March 4, 2013
Do you ever have difficulty falling asleep or do you wake up frequently during the night? If you wake up during the night, do you then have difficulty returning to sleep? During the day have you ever encountered sleepiness, difficulty concentrating or irritability? These questions describe symptoms suffered by people with insomnia, or difficulty sleeping. Problems falling asleep and staying asleep plague a large number of us. According to the National Institutes of Health, about 30 to 40 percent of adults report symptoms of insomnia annually, and about 10 to 15 percent of adults say they have chronic insomnia. Sleep problems can be related to stress and worry, anticipation, drugs, increasing age, jet lag, shift work and major schedule changes. Now, according to new findings from the National Sleep Foundation, lack of exercise can also be added to that list.
The outcomes of the National Sleep Foundation’s 2013 Sleep in America® poll show a compelling association between exercise and better sleep. The following results were compiled after reviewing data from a sample of 1,000 adults between the ages of 23 and 60:
- Exercisers say they sleep better.
- Vigorous exercisers report the best sleep.
- Non-exercisers are the sleepiest and have the highest risk for sleep apnea.
- Less time sitting is associated with better sleep and health.
- Exercise at any time of day appears to be good for sleep.
Exercisers Versus Non-exercisers
Even a small amount of any type of exercise can be beneficial for sleep. The respondents in the study who reported that they exercised regularly (i.e., vigorous, moderate or light intensity) also reported that they got better sleep compared to the non-exercisers. The exercisers were significantly more likely to say, “I had a good night’s sleep” every night or almost every night on work nights than non-exercisers. Also, more than three-fourths of exercisers (76 to 83 percent) say their sleep quality was very good or fairly good in the past two weeks, compared to only 56 percent of non-exercisers.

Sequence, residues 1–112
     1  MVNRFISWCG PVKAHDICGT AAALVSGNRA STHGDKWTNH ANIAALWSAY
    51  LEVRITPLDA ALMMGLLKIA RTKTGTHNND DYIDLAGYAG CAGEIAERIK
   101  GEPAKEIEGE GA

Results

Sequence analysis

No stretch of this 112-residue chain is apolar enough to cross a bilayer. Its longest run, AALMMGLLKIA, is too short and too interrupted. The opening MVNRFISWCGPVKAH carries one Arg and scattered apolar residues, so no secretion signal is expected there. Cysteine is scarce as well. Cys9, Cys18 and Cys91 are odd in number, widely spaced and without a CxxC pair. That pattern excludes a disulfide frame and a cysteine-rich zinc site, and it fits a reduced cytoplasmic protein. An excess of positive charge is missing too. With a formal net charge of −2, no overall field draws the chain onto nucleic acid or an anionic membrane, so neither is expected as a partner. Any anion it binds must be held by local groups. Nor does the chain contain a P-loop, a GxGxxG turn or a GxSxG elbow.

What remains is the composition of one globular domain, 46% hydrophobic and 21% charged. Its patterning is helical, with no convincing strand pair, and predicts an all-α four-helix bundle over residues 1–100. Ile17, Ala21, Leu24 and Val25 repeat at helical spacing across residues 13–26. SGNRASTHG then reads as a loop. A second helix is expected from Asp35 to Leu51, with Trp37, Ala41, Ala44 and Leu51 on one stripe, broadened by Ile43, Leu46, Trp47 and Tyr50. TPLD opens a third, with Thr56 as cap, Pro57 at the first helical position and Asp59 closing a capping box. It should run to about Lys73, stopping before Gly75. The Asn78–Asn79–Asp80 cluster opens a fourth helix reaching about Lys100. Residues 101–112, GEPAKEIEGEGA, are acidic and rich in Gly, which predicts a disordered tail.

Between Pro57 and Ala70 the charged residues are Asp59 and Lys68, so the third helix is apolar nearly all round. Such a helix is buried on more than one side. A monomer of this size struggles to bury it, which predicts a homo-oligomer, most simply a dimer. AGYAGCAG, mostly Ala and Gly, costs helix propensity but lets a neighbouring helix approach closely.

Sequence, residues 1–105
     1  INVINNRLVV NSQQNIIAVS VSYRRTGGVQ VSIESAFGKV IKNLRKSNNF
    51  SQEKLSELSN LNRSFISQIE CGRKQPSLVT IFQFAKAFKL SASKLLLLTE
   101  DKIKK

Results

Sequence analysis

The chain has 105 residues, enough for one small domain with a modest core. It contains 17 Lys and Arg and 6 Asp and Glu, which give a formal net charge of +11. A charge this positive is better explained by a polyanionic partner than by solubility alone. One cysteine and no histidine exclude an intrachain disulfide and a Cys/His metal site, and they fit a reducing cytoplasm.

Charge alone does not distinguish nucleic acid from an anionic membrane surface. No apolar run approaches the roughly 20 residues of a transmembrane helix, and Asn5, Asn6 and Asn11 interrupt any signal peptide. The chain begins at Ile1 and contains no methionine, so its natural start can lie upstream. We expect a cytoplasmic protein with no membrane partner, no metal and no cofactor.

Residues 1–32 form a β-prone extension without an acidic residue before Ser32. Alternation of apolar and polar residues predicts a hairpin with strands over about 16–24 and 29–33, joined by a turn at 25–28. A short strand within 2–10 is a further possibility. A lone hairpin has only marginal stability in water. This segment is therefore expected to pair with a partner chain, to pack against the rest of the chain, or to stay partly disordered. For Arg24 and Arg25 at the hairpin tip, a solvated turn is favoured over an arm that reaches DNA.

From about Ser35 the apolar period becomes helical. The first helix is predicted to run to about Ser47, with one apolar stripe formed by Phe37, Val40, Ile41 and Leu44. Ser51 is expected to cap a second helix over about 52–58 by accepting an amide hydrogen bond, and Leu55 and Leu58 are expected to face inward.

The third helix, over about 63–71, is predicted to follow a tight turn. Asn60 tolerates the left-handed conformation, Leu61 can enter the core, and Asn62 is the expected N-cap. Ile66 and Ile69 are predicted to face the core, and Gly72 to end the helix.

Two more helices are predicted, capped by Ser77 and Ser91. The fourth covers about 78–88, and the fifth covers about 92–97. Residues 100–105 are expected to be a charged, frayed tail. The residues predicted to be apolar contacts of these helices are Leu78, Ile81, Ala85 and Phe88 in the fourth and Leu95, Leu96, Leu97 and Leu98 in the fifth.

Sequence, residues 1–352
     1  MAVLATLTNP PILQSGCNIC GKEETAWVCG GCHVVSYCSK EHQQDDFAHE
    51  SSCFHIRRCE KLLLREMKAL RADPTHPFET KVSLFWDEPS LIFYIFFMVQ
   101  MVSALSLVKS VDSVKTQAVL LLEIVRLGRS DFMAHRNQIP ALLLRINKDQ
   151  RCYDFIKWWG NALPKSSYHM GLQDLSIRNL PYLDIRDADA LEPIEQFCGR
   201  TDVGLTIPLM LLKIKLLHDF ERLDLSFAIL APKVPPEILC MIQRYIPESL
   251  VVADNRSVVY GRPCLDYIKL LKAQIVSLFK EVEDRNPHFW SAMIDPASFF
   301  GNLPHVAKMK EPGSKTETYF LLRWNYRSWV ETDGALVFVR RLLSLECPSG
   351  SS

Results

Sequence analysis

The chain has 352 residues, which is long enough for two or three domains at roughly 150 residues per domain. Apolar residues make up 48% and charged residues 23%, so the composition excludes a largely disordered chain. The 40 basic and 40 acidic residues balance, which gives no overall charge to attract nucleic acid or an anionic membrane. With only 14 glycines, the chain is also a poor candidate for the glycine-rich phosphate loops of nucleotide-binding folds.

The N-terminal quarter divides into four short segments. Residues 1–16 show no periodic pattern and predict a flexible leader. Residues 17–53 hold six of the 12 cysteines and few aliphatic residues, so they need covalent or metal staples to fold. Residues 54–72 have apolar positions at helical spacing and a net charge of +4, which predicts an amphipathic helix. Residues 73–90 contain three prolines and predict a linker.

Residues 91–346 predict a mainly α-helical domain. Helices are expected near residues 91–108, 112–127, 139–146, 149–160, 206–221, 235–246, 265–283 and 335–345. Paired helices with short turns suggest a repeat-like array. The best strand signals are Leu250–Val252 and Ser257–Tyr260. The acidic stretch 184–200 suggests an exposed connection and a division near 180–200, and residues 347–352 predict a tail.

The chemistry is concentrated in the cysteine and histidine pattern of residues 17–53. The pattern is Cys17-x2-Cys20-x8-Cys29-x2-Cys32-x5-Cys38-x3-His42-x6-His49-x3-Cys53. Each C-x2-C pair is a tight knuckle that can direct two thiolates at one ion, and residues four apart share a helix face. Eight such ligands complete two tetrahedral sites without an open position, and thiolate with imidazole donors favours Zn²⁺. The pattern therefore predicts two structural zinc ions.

What is pertinent about these findings is that the subjects reported physical activity as any activity performed for at least 10 minutes. Therefore, simply adding a 10-minute walk to your daily routine could improve your chances of a getting good night’s sleep.
Exercise Intensity Matters
When the researchers broke down the respondents into those who participated in vigorous-, moderate- or light-intensity exercise, the vigorous exercisers fared better than the rest when it came to sleep quality. Compared to non-exercisers, vigorous exercisers were about twice as likely to report, “I had a good night’s sleep” every night or almost every night during the week. Vigorous exercisers also reported fewer sleep problems, commenting that they rarely or never (in the past two weeks) had symptoms associated with insomnia. In contrast, one-half of non-exercisers reported that they woke up during the night and nearly one-fourth had difficulty falling asleep every night or almost every night. The authors of this study defined vigorous activities as those that require hard physical effort such as running, cycling, swimming or competitive sports. Moderate-intensity activities were defined as activities that require more effort than normal such as yoga, tai chi, and strength training. Lastly, light activity was defined as walking.
If you are not already a vigorous exerciser, you can work toward higher intensities by starting with a daily 10-minute walk and then gradually working your way up to more intense activities like running or jumping rope. Being able to perform higher intensity exercise has other overall health benefits as well, such as burning more calories in a shorter period of time and enhancing aerobic fitness levels, so it is well worth the effort to progress to this type of activity.
Non-exercisers, Excessive Sleepiness and Sleep Apnea
Being sleepy during normal wake-time hours can interfere with safety and quality of life. For example, excessive sleepiness while driving is dangerous, and being irritable due to lack of sleep affects mood and leads to negative experiences throughout the day. Though sometimes feeling sleepy is normal, a state of chronic sleepiness is cause for concern.